Wednesday, July 25, 2007

What have the Kagans been Wrong about Now?

It's been a while since "America's First Family of War Whores" has written an article. Two whole weeks. Surely, pugnacious Brian Dennehy look-alike Robert Kagan is due to publish an editorial this Sunday in the Fred Hiatt Section of the Washington Post?

So we must travel back to the nostalgic days of early July 2007 to find this bon mot from Holly Gofightly of the Kagans, Kimberly who said:

Today, Iraq is a different place from what it was six months ago. U.S. and Iraqi forces began their counterinsurgency campaign in Baghdad in February. They moved into the neighborhoods and worked side-by-side with Baghdadis. As a result, sectarian violence is down. The counterinsurgency strategy has dramatically decreased Shiite death squad activity in the capital.

In the words commonly heard in the military history section of AEI (outside of "I'm turning in my cards for 15 armies"), "OOPS!":

Up to 592 unidentified bodies were found dumped in different parts of Baghdad in the period between June 18 and July 18, 2007, according to figures based on media reports compiled by Iraq Slogger. Most of the bodies found by the police – an average of 20 a day – are bound, blindfolded and shot execution style, victims of sectarian violence carried out by both Sunni and Shi’ite death squads. Many also bear signs of torture or mutilation, according to medical sources in Baghdad. Despite official Iraqi and U.S. statements to the contrary, the reports indicate that the number of unidentified bodies in the capital has risen again to pre-surge levels over the last two months.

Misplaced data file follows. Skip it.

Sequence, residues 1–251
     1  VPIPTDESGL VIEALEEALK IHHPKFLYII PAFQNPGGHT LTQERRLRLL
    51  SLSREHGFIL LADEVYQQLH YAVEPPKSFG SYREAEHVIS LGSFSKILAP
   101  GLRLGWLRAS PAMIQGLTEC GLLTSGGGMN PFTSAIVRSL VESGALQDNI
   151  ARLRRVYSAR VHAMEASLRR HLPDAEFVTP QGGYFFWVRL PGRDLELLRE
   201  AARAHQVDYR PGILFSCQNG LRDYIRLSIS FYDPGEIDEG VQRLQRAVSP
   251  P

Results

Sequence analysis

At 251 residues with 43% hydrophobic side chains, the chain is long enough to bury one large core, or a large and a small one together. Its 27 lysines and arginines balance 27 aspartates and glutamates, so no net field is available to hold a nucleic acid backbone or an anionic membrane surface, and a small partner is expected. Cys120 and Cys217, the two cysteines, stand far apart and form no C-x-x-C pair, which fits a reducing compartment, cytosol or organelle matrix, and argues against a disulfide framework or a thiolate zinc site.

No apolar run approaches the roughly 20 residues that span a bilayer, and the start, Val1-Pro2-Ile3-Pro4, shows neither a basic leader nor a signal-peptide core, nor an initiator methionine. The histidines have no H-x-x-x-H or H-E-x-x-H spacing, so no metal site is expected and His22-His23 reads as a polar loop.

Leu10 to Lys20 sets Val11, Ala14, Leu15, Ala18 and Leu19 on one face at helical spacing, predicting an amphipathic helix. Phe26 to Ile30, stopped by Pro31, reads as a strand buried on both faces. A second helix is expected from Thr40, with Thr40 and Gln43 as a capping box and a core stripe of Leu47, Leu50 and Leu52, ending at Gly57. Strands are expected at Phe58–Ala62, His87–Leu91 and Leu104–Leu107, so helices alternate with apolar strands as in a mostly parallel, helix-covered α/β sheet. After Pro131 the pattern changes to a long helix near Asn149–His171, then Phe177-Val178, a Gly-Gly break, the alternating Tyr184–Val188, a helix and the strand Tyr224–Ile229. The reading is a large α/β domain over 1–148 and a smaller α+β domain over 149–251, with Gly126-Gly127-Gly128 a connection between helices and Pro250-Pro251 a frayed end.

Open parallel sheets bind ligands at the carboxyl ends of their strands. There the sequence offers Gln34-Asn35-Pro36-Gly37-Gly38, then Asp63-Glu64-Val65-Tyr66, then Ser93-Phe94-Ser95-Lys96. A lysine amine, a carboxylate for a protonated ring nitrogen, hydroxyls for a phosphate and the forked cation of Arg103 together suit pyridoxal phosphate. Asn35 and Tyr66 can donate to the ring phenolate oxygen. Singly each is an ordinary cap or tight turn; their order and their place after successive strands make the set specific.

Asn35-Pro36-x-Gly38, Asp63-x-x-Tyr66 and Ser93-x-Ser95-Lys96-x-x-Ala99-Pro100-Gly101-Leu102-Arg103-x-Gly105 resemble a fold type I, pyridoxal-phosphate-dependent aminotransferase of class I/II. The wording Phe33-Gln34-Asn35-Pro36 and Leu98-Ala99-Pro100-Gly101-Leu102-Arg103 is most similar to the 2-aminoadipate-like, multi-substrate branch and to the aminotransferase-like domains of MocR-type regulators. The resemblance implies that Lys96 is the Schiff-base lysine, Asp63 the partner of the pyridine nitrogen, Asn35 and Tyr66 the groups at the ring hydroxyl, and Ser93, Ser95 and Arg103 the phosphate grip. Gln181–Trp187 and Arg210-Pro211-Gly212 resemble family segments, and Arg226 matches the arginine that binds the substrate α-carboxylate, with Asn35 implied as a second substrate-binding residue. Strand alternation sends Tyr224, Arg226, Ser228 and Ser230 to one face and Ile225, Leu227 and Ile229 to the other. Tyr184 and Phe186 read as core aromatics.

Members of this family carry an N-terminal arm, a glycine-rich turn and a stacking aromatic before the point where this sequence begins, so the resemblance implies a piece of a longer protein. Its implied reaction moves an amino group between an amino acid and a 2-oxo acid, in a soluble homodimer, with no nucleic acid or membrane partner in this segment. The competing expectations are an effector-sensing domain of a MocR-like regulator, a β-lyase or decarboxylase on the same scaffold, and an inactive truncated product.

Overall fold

A quick look at the map shows that over half the bodies are found in five specific districts of Baghdad: Amil (100 bodies), Saidiya (84), Bayya’ (67), Sadr City (39), and Dora (33), respectively. With the exception of Sadr City and Dora, both of which are almost completely cleansed from their former minority Sunni and Shi’ite communities, all mentioned districts are mixed and are witnessing a power struggle between Sunni and Shi’ite militants to control them and drive the other community out. They are also the least affected by current U.S. and Iraqi military operations in the capital, as media reports indicate that the U.S. military usually focuses on districts where they are attacked – such as the Sunni districts of Adhamiya, Jami’a and Khadhraa’ – rather than districts witnessing gruesome sectarian reprisal killings. Shi’ite-dominated Interior Ministry commandos currently patrol the top three districts in the list.

The five districts are closely followed by Ghazaliya, Shu’la and Mansour, with 21 bodies found in each over the same period. Incidentally, districts completely controlled by either Sunni or Shi’ite militias had witnessed the least number of unidentified corpses. Two thirds of the bodies were found in western Baghdad, while half the number was found in the districts south of the Baghdad International Airport highway alone.

In other words the surge isn't accomplishing shit on its most fundamental claimed basis, the sectarian battles and ethnic cleansing continue unabated. Only where it has already been completely accomplished has the killing dropped.

It is the success of the cleansing that drops sectarian deaths, not the Kagan's beloved Surge. All that has accomplished is increased American casualties, increased expense, and a perpetual delay of George Bush taking responsibility. So they continue to get to lie -- I guess that's the most important form of "Mission Accomplished" to them. Thanks Don, thanks Fred, thanks Robert, thanks Kimberly - Medals of Freedom all around.

And most recently?

July 24 (Reuters) - Following are security developments in Iraq at 2000 GMT on Tuesday:

* BAGHDAD - Eighteen bodies were found around Baghdad on Tuesday, police said. Most were believed to be victims of sectarian violence.

BAGHDAD - The bodies of 24 people, most with bullet wounds and showing signs of torture, were found in different parts of Baghdad throughout Monday, police said.

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